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icon  Installing insulation


Attic

The most common place to insulate here is on the attic floor. This is most effectively done with loose fill cellulose or fiberglass. You want to insulate the attic to an R-49 level (15 to 20 inches of insulation with no gaps or squishes.

If you have ductwork running along your attic floor, stack the insulation over it. If you have ductwork running above the floor, and/or your heat pump or furnace is in the attic, you may want to insulate the attic roofline. This is typically done with open-cell spray foam. When insulating your attic roofline, you’ll need to seal up all the attic venting.


Basement

You can either insulate the basement ceiling or the walls. Typically, insulating the walls is a better option because it makes the basement more comfortable. By making the basement more comfortable, you increase the efficiency of any ducts that are running through the basement as well. When insulating the walls, you have two options: build a new wall with studs and fill with fiberglass batts, or glue rigid insulation to the walls.

When insulating the basement ceiling, you can use either spray foam or batts. When installing batts, make sure they are continuously touching the 1st floor. Any areas where they are sagging down renders the insulation nearly useless.

Whether you choose to insulate your ceiling or walls, pay special attention to the top of the walls (where the exterior walls hit the 1st floor), often called the joist. In most homes, the joist area has significant air leaks, and is typically insulated poorly or not insulated at all. Air seal the joists with spray foam before insulating.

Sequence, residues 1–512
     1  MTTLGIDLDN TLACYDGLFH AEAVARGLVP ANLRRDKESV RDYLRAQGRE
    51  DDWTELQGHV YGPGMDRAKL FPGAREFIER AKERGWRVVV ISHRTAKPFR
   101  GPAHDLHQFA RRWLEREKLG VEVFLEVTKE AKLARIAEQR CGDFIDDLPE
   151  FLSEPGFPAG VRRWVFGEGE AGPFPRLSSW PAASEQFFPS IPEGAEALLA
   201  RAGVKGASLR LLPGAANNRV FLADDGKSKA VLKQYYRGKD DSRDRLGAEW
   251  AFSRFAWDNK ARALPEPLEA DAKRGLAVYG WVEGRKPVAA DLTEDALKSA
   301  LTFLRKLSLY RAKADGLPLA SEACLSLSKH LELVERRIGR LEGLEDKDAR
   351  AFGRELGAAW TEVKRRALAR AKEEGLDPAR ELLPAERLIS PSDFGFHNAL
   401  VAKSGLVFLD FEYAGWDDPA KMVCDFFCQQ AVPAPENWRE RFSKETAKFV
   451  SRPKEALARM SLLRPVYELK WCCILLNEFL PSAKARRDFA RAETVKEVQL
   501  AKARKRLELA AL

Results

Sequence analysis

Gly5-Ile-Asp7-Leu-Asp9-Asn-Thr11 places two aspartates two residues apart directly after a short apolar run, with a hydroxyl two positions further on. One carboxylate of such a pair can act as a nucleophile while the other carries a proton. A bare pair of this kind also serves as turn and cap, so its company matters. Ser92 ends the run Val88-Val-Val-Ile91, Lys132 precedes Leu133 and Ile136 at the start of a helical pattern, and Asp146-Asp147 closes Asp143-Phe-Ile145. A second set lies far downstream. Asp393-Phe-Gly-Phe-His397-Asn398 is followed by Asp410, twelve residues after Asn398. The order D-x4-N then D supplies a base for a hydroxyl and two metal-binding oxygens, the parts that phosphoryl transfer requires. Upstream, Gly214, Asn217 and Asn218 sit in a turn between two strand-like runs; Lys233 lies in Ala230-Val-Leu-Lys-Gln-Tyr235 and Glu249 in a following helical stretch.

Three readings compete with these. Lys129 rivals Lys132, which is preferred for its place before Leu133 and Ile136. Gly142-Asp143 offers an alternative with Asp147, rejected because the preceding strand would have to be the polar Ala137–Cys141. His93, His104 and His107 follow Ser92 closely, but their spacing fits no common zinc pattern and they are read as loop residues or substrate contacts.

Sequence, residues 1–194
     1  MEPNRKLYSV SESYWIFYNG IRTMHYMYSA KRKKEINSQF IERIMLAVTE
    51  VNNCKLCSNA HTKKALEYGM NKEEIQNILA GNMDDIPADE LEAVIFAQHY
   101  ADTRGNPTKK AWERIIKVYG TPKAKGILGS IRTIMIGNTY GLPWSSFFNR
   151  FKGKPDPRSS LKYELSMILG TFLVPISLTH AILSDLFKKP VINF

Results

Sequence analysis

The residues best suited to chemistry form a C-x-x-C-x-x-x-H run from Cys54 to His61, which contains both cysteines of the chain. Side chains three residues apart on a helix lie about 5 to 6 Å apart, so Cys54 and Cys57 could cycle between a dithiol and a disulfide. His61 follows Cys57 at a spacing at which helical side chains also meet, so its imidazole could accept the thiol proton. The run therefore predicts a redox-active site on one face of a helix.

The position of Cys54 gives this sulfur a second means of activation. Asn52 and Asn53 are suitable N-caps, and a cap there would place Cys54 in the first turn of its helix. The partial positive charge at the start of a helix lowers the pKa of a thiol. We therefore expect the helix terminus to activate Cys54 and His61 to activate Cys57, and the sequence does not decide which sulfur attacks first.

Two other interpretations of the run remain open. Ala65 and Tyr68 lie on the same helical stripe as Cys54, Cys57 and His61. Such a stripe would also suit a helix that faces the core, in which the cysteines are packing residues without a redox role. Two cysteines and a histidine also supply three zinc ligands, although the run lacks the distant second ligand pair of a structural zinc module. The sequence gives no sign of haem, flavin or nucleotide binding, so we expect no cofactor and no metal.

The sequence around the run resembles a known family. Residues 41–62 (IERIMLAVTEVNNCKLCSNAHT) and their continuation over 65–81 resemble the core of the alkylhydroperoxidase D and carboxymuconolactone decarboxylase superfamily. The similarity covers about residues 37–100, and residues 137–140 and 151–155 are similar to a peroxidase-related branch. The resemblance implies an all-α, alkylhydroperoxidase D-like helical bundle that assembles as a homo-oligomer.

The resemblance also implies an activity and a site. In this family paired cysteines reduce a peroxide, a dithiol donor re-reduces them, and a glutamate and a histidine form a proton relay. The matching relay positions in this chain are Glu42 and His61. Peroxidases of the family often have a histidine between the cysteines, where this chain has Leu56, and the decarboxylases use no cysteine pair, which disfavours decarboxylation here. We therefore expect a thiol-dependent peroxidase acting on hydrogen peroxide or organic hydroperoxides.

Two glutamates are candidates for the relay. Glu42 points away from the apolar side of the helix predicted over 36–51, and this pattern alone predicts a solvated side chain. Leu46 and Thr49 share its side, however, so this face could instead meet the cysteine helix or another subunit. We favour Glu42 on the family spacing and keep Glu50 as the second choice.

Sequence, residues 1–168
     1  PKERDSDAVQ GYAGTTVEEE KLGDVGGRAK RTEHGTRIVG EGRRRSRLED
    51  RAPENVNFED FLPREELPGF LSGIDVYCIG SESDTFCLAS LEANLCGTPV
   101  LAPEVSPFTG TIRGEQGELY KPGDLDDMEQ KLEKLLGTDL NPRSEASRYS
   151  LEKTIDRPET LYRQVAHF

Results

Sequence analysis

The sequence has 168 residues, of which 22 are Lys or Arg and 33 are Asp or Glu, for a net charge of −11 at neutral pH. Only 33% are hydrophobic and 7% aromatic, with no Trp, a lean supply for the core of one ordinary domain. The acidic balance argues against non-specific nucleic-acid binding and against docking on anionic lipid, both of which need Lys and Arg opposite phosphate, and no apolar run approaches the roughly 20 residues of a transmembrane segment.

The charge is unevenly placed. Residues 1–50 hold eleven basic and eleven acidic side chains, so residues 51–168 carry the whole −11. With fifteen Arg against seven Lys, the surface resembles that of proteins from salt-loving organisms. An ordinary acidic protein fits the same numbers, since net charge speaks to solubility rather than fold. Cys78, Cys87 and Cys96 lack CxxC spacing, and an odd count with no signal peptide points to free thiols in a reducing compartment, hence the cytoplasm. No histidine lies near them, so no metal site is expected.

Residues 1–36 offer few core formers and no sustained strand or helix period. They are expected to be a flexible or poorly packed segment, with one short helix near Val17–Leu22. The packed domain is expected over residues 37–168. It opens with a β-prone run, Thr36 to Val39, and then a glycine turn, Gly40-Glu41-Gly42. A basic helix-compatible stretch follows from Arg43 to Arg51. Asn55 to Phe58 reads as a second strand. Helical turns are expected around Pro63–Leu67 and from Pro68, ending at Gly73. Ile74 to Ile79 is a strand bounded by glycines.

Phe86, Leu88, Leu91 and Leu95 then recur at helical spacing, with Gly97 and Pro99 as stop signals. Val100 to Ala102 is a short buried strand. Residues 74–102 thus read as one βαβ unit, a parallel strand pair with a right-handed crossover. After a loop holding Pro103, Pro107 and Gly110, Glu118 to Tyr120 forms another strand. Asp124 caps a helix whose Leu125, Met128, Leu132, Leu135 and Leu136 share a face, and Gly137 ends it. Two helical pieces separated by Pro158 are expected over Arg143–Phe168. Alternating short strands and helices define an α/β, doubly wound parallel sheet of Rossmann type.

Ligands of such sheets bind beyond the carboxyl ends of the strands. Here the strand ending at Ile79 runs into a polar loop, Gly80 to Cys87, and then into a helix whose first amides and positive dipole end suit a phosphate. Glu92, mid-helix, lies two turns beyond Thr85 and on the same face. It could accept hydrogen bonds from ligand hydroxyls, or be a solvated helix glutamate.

Crawlspace

Like the basement, either the walls or the ceiling of the crawlspace can be insulated. When insulating the walls, all vents to the outside need to be sealed. You should always insulate the crawlspace walls if there is ductwork running through the crawlspace. Rigid foam is the most common choice for insulating walls, R-19 fiberglass batts when insulating the ceiling.

Before insulating a crawlspace, you’ll need to make sure a proper moisture barrier is installed on the floor. This is typically done by installing sheets of 5-mil plastic and sealing them together and to the walls. This prevents moisture from the ground from causing mold growth along the crawlspace ceiling.


Walls

Insulating existing walls can be very difficult, if not impossible in many situations. The most common way of insulating existing walls is with cellulose insulation, which contractors blow into the walls between studs.


More insulation topics:

Insulation 101
Types of insulation

Ductwork: A series of tubes that circulate air from a furnace or air condition system. These tubes move air from rooms back to the main system. For example, when you turn the thermostat higher, the furnace heats the air and sends it out through ducts into rooms and simultaneously pushes cold air out of the rooms back to the furnace.
Insulation: Materials used to keep air from the home inside and keep outside air out and greatly reduces heating and cooling bills.
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